Friday, February 13, 2015

Carpe Diem Special #132, Fuyuko Tomita's "the corner"

Dear Haijin, visitors and travelers,

It's time for another wonderful haiku written/composed by our featured (Dutch) haiku poetess Fuyuko Tomita. I think it's a beauty again, but this haiku is very different then we are used to I think. This haiku has four (4) lines and I am not sure if I could bring this back to three lines, so I haven't done that. I share it as she has done it on her website.

Kantooka  magatte shimatta  magarikado

Under a cold
street lamp
I’ve just turned
the corner

© Fuyuko Tomita

Credits: Japanese Street Lantern (photo © Jim Epler)
As you all know the goal of this CD-Special is to compose an all new haiku in the same sense, tone and spirit as the one given ... so here is my attempt to compose an all new haiku in (in hope) the same spirit as the one by Fuyuko Tomita.

rainy day
a stray tries to stay dry -
broken umbrella

© Chèvrefeuille

I hope the haiku by Fuyuko can be your source of inspiration and that I will read wonderful haiku inspired on this haiku.

This episode of our CD-Special will be open for your submissions tonight at 7.00 PM (CET) and will remain open until February 16th at noon (CET). I hope to publish our next episode, dream, later on. !! Carpe Diem Haiku Kai is now also on Tumblr !!


  1. Today (February 13th) I got an e-mail of Fuyuko Tomita in which she grants me permission to use her haiku and she explained why she sometimes uses four (4) lines for her haiku. I will share that part of her email here:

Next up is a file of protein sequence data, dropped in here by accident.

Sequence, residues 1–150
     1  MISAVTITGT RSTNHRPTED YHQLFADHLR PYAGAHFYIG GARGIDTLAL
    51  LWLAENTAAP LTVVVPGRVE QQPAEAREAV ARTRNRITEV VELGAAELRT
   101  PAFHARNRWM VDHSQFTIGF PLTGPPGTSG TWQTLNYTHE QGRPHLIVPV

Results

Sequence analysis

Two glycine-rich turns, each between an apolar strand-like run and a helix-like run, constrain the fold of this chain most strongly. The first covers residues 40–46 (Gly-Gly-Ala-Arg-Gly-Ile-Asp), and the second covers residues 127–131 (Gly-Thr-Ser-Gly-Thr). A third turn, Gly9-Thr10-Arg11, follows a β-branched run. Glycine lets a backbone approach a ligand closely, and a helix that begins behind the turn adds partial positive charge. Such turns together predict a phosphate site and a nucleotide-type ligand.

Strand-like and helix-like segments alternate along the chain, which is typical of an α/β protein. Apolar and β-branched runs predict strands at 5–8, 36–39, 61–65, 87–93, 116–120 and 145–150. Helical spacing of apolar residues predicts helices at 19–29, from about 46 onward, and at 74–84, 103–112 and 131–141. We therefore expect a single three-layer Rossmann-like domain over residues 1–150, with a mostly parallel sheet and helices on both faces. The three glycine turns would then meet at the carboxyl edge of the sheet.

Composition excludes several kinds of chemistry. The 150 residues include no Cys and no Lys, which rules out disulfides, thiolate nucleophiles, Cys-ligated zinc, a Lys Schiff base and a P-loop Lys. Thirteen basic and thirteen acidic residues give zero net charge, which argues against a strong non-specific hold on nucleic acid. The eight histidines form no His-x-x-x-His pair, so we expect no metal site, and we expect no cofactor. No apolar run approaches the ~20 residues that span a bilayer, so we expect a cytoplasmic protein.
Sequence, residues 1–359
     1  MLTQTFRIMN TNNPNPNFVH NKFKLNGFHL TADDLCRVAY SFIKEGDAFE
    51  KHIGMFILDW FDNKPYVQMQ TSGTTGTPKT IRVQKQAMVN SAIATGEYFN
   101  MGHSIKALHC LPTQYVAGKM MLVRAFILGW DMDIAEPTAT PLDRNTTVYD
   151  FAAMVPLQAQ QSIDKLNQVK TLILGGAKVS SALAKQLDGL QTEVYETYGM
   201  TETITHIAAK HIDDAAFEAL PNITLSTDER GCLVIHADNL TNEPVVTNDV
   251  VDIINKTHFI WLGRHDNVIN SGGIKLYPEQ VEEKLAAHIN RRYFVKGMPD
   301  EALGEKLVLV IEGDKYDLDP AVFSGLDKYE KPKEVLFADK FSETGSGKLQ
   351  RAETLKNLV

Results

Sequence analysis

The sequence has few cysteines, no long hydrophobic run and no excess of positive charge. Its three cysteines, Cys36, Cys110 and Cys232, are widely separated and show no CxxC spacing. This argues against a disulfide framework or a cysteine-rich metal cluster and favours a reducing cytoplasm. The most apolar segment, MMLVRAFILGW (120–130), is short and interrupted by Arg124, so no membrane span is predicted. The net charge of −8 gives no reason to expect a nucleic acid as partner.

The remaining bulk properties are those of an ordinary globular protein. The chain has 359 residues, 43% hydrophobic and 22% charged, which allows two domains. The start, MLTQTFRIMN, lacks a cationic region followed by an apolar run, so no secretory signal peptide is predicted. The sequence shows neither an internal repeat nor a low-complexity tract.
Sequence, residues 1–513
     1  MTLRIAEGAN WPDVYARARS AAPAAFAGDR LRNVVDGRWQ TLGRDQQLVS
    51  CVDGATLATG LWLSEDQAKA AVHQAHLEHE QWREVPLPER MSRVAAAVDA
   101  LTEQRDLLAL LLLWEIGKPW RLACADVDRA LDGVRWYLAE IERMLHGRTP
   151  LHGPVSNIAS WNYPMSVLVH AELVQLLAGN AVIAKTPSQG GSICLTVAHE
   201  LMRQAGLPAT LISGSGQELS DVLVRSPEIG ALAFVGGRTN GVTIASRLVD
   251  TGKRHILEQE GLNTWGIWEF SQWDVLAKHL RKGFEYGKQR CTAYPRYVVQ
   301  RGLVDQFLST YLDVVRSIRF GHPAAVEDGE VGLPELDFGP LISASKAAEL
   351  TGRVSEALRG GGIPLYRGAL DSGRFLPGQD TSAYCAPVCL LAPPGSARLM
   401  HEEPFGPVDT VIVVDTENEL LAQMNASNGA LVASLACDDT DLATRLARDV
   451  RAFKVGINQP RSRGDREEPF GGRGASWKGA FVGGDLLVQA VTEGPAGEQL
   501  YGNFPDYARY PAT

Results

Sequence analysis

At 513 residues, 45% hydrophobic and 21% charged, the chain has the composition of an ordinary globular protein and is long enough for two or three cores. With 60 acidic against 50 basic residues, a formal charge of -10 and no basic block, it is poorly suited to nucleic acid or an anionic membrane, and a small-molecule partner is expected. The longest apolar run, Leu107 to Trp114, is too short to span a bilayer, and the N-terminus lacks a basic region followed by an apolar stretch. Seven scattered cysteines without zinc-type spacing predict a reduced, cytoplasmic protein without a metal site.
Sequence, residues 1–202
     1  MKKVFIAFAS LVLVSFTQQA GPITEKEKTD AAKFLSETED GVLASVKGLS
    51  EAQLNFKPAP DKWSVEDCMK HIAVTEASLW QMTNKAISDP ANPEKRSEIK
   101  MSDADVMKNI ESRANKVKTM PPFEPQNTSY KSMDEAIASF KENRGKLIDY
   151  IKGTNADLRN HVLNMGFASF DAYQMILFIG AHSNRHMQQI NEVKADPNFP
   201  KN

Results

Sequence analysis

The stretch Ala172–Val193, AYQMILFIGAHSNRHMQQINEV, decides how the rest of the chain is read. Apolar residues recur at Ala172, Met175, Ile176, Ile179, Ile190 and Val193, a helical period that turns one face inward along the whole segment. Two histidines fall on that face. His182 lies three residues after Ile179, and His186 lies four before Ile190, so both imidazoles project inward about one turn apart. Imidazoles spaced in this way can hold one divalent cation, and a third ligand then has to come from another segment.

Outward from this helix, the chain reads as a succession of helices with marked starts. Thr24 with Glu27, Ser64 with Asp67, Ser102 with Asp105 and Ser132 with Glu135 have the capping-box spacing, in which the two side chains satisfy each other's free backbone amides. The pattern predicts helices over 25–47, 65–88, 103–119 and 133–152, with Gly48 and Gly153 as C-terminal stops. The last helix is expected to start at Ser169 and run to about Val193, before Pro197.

[...] "When I translate Japanese haiku into English, I do not follow 5-7-5 form. The reason is that Japanese haiku has fewer syllables than english and in my feeling, better 3-5-3.
    The translater has to put extra words of her/his own to make English haiku, and most of the times it ruins the poem.
    I am very afraid that someone who is not a (good - the same energy) poet himself would ruin my poetic rythm. So I decided to translate it myself. (Can you imagine the fear?)
    My translation is not a direct translation from the original. I like to make English poem with the same feeling with the original. So my 'corner' haiku's original is exactly so in 4 lines in me.
    Some of the original haiku is so short that I have to put many extra words in English (which I think only allowed by the author herself). So please do not try to make English 5-7-5 haiku out of my haiku! I have been struggling in translation for a long time, and this is where I am now - my original Japanese haiku are haiku, but in English, a short poem with haiku spirit."[...]

    And of course I understand that. I am glad that my intuition gave me the thought to let the haiku as it is published by Fuyuko herself.

  2. nature’s moods are capricious

    There's no google for Lynn's comments. I'll post this here just as Girl Friday did. Sorry to trouble you Kris.

    That is true Lynn! Nature can go along any directions with minds of their own. Wonderful cascades!